Earlier today, the U.S. Supreme Court agreed to review the Federal Circuit’s controversial In Re Bilski decision. As reported in our October 30, 2008 KLIP Alert, the Federal Circuit held in the Bilski case that a method or process is patentable only if it (i) is tied to a particular machine or apparatus or (ii) transforms a particular article into a different state or thing. This decision was an about-face for the Federal Circuit, which had held a decade earlier in the State Street Bank case that business methods are patentable so long as they yield a “useful, concrete and tangible result.” The Bilski decision has since upset the expectations of patent owners and applicants. Just last week, the U.S. District Court for the Middle District of Florida, relying on Bilski, invalidated business method patent claims asserted against Bank of America’s patent pending “Keep the Change” program. Indeed, under Bilski, Bank of America’s own pending patent application for the “Keep the Change” program is at risk.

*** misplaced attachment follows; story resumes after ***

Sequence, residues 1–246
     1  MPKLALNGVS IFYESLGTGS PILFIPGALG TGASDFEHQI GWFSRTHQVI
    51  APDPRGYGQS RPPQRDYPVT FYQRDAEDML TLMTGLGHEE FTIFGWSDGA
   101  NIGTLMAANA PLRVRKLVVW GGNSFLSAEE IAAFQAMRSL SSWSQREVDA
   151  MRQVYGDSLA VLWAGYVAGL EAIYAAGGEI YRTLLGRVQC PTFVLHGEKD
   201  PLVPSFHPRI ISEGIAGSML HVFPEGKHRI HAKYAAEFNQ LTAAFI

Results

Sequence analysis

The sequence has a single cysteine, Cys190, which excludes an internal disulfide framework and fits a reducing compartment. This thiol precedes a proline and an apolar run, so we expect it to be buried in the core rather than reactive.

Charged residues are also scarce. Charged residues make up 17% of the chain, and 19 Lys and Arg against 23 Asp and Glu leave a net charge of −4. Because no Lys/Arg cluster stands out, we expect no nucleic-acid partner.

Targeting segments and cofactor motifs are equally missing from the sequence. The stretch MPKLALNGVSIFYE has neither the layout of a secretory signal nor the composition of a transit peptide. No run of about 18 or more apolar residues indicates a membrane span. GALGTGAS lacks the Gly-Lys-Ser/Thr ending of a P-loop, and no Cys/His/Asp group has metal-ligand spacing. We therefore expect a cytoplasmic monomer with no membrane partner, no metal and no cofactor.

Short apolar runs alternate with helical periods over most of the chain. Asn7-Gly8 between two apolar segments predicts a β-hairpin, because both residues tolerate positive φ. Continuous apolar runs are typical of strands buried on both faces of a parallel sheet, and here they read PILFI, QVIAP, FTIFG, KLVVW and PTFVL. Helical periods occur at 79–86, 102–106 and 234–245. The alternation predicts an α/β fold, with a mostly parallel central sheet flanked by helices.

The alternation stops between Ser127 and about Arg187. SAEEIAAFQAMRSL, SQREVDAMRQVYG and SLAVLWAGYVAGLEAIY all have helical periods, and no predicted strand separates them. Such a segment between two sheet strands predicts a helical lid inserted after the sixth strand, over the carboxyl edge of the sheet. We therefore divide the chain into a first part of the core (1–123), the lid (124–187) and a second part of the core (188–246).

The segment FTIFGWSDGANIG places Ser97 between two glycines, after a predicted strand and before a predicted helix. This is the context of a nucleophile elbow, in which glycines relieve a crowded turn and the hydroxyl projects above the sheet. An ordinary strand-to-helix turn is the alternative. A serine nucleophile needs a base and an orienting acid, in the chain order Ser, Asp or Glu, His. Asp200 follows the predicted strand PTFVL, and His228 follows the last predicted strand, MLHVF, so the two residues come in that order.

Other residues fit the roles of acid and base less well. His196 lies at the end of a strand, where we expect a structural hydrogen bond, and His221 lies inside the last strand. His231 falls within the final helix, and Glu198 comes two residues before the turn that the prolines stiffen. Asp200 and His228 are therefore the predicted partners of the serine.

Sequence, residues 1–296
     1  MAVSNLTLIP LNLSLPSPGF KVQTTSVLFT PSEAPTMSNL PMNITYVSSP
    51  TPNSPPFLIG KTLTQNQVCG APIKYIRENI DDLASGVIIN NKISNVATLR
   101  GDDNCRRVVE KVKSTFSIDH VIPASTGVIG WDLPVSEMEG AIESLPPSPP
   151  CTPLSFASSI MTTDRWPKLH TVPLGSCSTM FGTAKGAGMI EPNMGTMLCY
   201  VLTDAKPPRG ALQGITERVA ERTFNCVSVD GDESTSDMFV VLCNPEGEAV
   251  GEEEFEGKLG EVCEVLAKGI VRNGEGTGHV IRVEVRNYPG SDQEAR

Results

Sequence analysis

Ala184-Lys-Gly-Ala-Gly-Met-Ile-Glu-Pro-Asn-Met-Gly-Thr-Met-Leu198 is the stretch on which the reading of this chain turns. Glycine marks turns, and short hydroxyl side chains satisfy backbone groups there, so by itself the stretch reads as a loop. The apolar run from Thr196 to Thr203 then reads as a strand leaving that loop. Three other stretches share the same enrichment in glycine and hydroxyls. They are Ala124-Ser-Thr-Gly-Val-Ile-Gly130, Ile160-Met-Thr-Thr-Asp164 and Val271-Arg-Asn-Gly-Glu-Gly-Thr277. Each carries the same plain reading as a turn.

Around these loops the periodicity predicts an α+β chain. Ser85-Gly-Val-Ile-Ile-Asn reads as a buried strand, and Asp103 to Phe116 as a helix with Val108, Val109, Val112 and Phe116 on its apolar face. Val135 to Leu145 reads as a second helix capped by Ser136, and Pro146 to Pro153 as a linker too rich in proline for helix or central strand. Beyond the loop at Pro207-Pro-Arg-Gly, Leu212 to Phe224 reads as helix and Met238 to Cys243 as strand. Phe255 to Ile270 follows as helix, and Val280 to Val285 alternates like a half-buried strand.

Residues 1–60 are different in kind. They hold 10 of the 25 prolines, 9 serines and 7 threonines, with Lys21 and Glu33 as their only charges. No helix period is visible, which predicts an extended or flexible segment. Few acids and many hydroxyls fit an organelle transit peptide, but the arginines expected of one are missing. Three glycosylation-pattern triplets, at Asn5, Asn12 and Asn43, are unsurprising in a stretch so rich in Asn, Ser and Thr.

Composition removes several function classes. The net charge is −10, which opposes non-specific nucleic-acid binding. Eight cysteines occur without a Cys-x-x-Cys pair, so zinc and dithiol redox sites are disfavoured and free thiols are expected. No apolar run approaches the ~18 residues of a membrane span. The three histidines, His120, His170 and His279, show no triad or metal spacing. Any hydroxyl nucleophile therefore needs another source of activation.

In our earlier KLIP Alert, we predicted that the Supreme Court would do just what it did today and grant judicial review of the Bilski decision, not only because the decision was extremely controversial and sparked strong dissenting opinions in the case (particularly, by Federal Circuit Judges Newman and Rader), but also because of the Supreme Court’s new-found interest in patent cases under Chief Justice Roberts. Interestingly, U.S. Solicitor General Elena Kagan, who had apparently been on the Obama administration’s short list to fill the impending Supreme Court vacancy (the nomination going instead to Second Circuit Judge Sotomayor who has a strong IP background but a sparse record on patent issues), submitted the Government’s brief in opposition to Bilski’s petition for a writ of certiorari—arguing, inter alia, that the Federal Circuit’s machineor- transformation test is merely a correct restatement of prior Supreme Court precedent.
To the chagrin of patent owners and licensing entities, the Bilski decision has scuttled patent protection for business methods. It is now up to the Supreme Court to either stem this tide or bless it. We will keep you posted on further developments.